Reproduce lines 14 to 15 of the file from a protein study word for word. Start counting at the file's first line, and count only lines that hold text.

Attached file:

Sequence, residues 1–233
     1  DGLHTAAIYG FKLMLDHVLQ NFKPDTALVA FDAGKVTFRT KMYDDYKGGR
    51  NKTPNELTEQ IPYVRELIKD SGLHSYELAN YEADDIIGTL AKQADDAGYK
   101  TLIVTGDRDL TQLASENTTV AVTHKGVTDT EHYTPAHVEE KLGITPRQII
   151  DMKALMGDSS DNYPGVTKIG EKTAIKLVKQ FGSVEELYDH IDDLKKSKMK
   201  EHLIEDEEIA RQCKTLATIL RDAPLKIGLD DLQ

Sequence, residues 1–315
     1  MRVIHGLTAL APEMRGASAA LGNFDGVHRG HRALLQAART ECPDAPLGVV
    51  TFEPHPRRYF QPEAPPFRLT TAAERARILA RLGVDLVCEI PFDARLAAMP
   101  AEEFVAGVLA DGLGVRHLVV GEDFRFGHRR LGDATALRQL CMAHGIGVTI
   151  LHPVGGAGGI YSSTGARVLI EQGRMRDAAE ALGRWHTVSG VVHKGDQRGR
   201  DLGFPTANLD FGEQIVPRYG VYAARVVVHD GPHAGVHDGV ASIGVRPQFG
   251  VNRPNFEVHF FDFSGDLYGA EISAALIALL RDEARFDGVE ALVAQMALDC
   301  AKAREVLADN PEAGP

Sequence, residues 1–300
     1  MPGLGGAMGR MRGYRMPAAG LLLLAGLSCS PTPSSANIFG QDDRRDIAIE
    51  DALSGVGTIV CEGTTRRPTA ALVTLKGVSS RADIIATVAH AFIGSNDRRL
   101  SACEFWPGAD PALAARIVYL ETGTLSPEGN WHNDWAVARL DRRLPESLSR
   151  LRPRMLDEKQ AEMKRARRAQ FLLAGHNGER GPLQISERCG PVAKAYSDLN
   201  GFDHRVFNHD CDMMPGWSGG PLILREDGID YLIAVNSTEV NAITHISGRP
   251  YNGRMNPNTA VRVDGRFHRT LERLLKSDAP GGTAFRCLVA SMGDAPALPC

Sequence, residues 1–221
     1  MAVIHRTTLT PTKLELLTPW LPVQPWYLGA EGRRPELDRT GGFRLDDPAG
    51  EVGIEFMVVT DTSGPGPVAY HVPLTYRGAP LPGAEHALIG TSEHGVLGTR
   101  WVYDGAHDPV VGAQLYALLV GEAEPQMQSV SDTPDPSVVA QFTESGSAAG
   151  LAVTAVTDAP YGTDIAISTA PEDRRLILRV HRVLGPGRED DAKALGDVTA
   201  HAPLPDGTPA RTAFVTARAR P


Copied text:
   301  AKAREVLADN PEAGP

Sequence, residues 1–300